As a prior post pointed out, Paul Babeu has the highest burn rate followed by Gary Kiehne. Excluding Begay’s campaign due to the short period of time, both Wendy Rogers and Ken Bennett have the lowest burn rates. [pullquote align=”left” cite=”” link=”” color=”” class=”” size=””]For the entire quarter, Wendy Rogers was the most financially disciplined candidate while Paul Babeu was the biggest spender and Gary Kienhe ran the largest deficit.[/pullquote]

We corrected the amount raised for Wendy Rogers which resulted in a significant boost to her daily earn rate. That still resulted in David Gowan barely remaining at the top of the list with a daily earn rate of $1,861 but moved Wendy Rogers into second place at a daily earn rate of $1,825. Paul Babeu trailed at a daily earn rate of $1,733 but if we include Carlyle Begay given the short amount of time he has been in the race, Babeu drops to 4th place.

One thing to note about fundraising for these candidates is the ease of access to PAC and lobbyist money. As Speaker of the House David Gowan has tremendous influence over the outcome of legislation. Many lobbyists have bills making their way through the Arizona House and that means a high level of interaction and access with the Speaker. A review of Gowan’s report reveals that many lobbyists have contributed to his campaign. It also shows that he has received $16,250 in PAC contributions – the top recipient of all the candidates. Carlyle Begay placed 2nd in PAC contributions at $12,000 while Babeu ran 3rd with $5,000. Ken Bennett bottomed the list with $1,000 in PAC contributions. Gary Kiehne, Shawn Redd and Wendy Rogers received no money from PAC’s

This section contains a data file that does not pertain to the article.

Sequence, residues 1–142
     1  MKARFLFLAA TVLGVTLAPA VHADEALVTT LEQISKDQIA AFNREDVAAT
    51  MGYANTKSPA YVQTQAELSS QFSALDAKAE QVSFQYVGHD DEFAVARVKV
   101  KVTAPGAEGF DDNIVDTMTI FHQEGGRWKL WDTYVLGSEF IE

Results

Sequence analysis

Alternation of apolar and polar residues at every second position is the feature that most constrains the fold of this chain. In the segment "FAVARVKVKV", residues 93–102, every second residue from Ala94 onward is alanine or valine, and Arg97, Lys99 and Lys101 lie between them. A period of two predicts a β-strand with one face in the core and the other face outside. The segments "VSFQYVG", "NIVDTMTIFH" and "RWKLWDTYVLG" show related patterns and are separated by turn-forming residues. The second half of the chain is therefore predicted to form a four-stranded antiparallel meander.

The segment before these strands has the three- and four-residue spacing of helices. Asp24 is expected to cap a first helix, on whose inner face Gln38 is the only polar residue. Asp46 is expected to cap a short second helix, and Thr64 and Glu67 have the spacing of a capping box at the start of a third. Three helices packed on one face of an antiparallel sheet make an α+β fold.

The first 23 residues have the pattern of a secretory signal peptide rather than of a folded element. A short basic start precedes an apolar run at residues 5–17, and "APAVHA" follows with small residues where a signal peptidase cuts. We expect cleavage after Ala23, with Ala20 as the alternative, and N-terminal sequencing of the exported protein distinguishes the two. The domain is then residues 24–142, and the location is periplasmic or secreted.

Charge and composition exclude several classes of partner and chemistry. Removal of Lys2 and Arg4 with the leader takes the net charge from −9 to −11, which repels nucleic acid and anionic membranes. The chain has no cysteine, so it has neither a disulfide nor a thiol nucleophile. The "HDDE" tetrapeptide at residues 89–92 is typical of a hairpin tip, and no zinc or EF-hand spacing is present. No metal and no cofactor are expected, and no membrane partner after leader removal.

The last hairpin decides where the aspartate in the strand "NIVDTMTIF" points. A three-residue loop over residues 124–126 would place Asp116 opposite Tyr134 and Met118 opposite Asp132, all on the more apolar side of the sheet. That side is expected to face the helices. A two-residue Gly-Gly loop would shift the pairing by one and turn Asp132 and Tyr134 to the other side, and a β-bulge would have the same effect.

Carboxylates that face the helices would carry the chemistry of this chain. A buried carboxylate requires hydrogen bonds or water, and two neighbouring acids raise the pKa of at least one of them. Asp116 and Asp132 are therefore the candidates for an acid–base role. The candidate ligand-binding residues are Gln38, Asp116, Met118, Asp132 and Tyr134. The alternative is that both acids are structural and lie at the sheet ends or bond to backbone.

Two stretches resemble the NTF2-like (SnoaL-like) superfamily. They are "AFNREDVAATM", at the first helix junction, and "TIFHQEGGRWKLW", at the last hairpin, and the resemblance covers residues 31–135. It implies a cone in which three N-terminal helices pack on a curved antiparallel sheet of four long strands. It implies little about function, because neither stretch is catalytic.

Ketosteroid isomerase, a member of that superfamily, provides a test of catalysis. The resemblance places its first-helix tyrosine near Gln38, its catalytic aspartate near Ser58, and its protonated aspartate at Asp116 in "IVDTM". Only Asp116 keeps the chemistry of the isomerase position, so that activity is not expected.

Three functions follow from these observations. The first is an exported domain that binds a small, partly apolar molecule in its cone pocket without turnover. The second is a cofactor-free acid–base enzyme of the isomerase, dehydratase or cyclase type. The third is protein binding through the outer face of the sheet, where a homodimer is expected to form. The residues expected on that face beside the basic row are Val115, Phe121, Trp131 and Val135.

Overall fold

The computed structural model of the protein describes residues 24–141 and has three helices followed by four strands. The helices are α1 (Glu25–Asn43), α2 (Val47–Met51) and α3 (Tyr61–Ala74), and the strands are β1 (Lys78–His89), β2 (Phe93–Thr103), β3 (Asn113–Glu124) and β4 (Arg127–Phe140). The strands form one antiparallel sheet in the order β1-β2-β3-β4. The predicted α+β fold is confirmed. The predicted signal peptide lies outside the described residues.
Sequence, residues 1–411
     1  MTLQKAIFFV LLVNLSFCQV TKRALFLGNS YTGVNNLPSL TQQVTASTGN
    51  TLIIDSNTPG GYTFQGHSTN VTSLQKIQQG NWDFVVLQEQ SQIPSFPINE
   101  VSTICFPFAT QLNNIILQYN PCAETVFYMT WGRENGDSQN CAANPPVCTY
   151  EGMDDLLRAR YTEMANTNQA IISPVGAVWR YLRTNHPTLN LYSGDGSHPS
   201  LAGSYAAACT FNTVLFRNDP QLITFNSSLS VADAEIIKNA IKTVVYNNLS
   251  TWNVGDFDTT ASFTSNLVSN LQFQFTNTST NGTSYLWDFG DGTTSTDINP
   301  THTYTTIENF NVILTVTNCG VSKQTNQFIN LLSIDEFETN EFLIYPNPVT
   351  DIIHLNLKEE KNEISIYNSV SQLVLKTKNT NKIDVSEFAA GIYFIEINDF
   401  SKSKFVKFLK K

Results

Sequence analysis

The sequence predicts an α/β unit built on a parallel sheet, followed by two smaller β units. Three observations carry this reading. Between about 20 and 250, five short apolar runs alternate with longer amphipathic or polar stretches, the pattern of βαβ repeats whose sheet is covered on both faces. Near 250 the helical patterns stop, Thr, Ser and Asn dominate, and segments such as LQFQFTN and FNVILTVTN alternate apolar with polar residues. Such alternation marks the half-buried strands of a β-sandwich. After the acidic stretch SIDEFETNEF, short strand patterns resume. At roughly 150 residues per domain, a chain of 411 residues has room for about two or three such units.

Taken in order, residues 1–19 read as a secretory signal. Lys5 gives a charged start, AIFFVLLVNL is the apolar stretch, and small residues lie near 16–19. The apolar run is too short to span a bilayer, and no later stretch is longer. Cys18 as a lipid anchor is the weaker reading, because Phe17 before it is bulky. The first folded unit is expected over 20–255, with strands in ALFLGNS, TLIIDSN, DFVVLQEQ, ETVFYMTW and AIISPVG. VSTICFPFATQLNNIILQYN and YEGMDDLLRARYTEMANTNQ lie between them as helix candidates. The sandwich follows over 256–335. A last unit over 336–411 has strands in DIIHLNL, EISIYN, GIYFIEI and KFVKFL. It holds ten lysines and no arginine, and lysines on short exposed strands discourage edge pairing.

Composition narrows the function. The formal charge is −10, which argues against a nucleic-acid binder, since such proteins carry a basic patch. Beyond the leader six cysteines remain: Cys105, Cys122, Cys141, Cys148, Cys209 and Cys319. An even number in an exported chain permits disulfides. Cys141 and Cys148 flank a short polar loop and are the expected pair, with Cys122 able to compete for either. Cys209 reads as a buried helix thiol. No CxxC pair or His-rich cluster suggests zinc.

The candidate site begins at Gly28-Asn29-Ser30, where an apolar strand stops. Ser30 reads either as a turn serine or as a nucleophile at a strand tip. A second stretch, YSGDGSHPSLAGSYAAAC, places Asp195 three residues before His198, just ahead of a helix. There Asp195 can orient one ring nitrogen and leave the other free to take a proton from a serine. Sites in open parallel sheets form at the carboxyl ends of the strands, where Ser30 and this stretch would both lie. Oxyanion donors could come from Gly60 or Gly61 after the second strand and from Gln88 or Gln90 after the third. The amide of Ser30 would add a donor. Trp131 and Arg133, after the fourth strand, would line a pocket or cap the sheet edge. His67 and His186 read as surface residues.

Looking at available money, Gary Kiehne has the highest amount available to spend on a daily basis heading into the August 30th Primary Election. It should be noted that Kiehne has loaned his campaign the most money out of all the other campaigns with $50,000 being fronted to the campaign during the 1st quarter and $678,072 being loaned during the election cycle to date.

Candidates with a larger gap between earn and burn rates this early in a campaign are more likely to be in better financial shape heading into an election. Obviously, candidates should be raising more money then they are spending to avoid draining their resources or running a deficit. Here’s an UPDATED graph of those rates showing the daily gap between each candidate’s earn and burn rates:

AZ01 Candidate Daily Earn & Burn Rates

 

In this graph, Gary Kiehne has an inverted burn to earn gap of -$714. Shawn Redd’s gap is now included in this analysis and shows he spent more money than he took in during IQ with a daily gap of -$64. Paul Babeu’s campaign is barely staying ahead of his burn rate at $105/day. Ken Bennett may have a lower burn rate but his earn rate is also very low giving him a gap of $268. That leaves Wendy Rogers and David Gowan with the healthiest gaps. Gowan’s gap amounts to $1,081 but after a correction in the data, Rogers’ gap grows to $1,170 making her the candidate with the healthiest daily earn-to-burn rate. (Carlyle Begay was excluded from this 1Q analysis because the campaign had only been in the race for 22 days which is below a 30-day billing cycle for spending money.)

  • Paul Babeu spent $0.94 for every dollar he raised
  • Ken Bennett spent $0.70 for every dollar he raised
  • David Gowan spent $0.42 for every dollar he raised
  • Gary Kiehne spent $2.33 for every dollar he raised
  • Wendy Rogers spent $0.36 for every dollar she raised

Our conclusion: David Gowan raised the most money although much of it was from lobbyists and PAC’s. Paul Babeu spent the most amount of money and his daily earning rate is barely keeping ahead of his daily spending rate. Gary Kiehne ran the largest deficit spending for the quarter having raised the least amount of money but loaning the campaign the most amount of money. Ken Bennett raised the least amount of money for 1Q and spends nearly 70% of what he raises. Carlyle Begay has not been in the race long enough to derive an accurate assessment. Shawn Redd’s financial reports eliminate him from the analysis as an outlier. While Wendy Rogers placed 3rd in fundraising, she has the healthiest daily earn vs. burn rate showing her to be the most financially disciplined candidate in the race for CD-1.